A bullet from the back of a bush
Took Medgar Evers' blood
A finger fired the trigger to his name
A handle hid out in the dark
A hand set the spark
Two eyes took the aim
Behind a man's brain
But he can't be blamed
He's only a pawn in their game
Only a Pawn in Their Game, Bob Dylan
By Daniel Tarade
Nazis and neo-nazis. It is unfortunately the case that white supremacy and other alt-right movements have been increasingly prevalent in North American and European society. Although most can agree that the ideals espoused in these circles are hate-filled and have no place in a tolerant society, there is confusion as to how best deal with these people. My own outlook definitely places an emphasis on the societal, political, and economic structures that have precipitated scapegoating and hate. But what do we do right now? It takes time and radical action to overthrow the systems that make conflict between members of the working class inevitable. So what do you do when neo-nazis take to the streets in your city? Although we should try to understand why the neo-nazi behaves the way they do, for the good of all society, we cannot tolerate the intolerant.
Starting from the premise of not tolerating the intolerant, I am quickly confronted with what appears to be an inconsistency in my own writing. I have repeatedly pointed to the material conditions of those who have committed atrocities; using such a determinist framework, I have advocated for compassion when looking backwards in history and to promote unity among the working class. I am beginning to rectify my post hoc tolerance with my more aggressive stance regarding ongoing racism, sexism, Islamophobia, etc. In my latest writings, I try to confront the futility of determinism as a prescriptive tool. Even choices constrained by physics and genetics and society still feel like choices. They still are choices. It’s just that choices don’t happen all willy nilly but are motivated by what has happened before. It’s absurd but, quite simply, a choice in the moment becomes determined in hindsight. But let’s not get too academic. It’s not that the world is a clock. Just like a clock. Fundamentally, as a Utilitarian, I want to use the models that allow us to maximize our collective well-being. So if we need two standards, one for past actions and one for present actions, so be it.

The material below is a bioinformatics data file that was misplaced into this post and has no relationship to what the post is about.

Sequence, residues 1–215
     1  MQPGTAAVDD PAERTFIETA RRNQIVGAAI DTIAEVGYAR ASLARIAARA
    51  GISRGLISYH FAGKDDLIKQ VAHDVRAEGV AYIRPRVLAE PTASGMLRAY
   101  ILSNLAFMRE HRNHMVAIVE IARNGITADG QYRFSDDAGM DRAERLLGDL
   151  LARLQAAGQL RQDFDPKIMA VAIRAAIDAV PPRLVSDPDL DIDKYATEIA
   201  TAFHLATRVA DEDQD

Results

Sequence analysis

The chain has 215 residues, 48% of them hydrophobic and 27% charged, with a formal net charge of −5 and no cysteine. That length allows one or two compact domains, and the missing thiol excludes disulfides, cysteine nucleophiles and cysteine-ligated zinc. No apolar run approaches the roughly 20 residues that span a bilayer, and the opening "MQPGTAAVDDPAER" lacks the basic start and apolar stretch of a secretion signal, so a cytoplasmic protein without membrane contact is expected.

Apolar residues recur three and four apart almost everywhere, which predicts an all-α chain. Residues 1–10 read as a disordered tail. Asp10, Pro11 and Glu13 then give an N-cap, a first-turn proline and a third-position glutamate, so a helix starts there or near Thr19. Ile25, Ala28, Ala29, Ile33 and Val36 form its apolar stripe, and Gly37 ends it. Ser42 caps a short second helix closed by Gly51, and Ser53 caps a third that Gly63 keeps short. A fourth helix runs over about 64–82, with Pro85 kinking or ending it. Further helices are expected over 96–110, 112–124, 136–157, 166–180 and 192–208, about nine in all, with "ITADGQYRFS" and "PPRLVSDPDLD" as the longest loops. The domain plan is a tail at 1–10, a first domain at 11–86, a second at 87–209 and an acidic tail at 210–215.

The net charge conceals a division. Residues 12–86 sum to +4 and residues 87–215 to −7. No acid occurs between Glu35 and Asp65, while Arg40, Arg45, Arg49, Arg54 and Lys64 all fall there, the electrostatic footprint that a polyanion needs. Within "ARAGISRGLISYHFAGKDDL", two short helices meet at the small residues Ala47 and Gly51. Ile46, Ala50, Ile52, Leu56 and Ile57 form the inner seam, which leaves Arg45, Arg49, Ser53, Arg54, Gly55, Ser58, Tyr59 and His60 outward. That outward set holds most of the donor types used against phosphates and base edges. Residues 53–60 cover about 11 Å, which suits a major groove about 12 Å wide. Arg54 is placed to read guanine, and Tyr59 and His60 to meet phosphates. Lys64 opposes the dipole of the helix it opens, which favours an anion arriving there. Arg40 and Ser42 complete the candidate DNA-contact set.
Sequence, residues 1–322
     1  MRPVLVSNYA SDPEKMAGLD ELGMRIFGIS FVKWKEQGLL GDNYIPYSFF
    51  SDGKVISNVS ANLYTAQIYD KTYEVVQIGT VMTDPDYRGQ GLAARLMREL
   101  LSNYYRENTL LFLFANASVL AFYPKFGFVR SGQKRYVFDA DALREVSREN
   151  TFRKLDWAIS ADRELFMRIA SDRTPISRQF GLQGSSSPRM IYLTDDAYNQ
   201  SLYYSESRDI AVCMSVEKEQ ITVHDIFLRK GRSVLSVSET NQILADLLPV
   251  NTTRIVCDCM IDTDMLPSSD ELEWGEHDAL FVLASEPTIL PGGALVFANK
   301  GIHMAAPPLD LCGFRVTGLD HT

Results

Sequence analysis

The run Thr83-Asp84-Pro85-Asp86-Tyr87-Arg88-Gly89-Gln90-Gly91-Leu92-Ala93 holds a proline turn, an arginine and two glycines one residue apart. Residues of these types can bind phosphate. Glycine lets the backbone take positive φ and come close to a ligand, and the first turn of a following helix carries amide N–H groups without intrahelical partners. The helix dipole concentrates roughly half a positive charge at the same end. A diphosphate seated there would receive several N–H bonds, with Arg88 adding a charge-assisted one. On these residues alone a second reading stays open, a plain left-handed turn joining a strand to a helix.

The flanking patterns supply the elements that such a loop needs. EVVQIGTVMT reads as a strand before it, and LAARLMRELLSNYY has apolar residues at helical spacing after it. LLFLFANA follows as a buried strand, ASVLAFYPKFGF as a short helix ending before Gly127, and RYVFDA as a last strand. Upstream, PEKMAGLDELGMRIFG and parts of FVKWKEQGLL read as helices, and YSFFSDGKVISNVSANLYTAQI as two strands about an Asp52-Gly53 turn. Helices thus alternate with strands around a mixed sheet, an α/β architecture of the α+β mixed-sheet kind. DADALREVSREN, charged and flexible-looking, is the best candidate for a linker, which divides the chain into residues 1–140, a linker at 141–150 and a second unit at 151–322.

Let’s commence with a concrete example. I have previously argued that forgiveness be given to Oskar Gröning who was charged with 300, 000 counts of accessory to murder for working as an accountant at Auschwitz. Based on the documentary The Accountant of Auschwitz and on numerous, personal conversations, it is safe to say that I hold the minority opinion. But don’t cast me as some centrist who feels compelled to see some good in everyone. I am in absolute support of the numerous antifa movements fighting to keep neo-nazis off the streets. This may seem paradoxical. Oskar Gröning contributed more to an actual genocide than any of his contemporaries in Charlottesville or elsewhere. But Oskar Gröning, at the time of his trial, was 93. He had lived out his post-war life as a non-genocidal citizen. More than 40 years after the war, he voluntarily thrust himself into the spotlight to describe the horrors of the holocaust in a bid to shut down Holocaust deniers. During his trial, he fully cooperated and expressed a qualified guilt. Peter Singer, a prominent Utilitarian, argues that his candid testimony provided some good and that jailing a geriatric, who no one believed was a threat to recommit their crime, causes more suffering than not. I agree. However, I also fully support the guilty verdict bestowed upon Oskar Gröning. He was guilty. I am against the punishment he was sentenced to receive (4 years in prison). With a reformed nazi, let’s be compassionate. It’s the same reason we should celebrate Daryl Davis, who has convinced 200 KKK members to give up their robes. Neo-nazis, on the other hand, require a different strategy. The nazis of today are actively spreading hate. The more their rhetoric spreads, the more widespread and violent crimes targeted towards Muslims and Jews have become. To quote from a speech given by Adolf Hitler in 1933;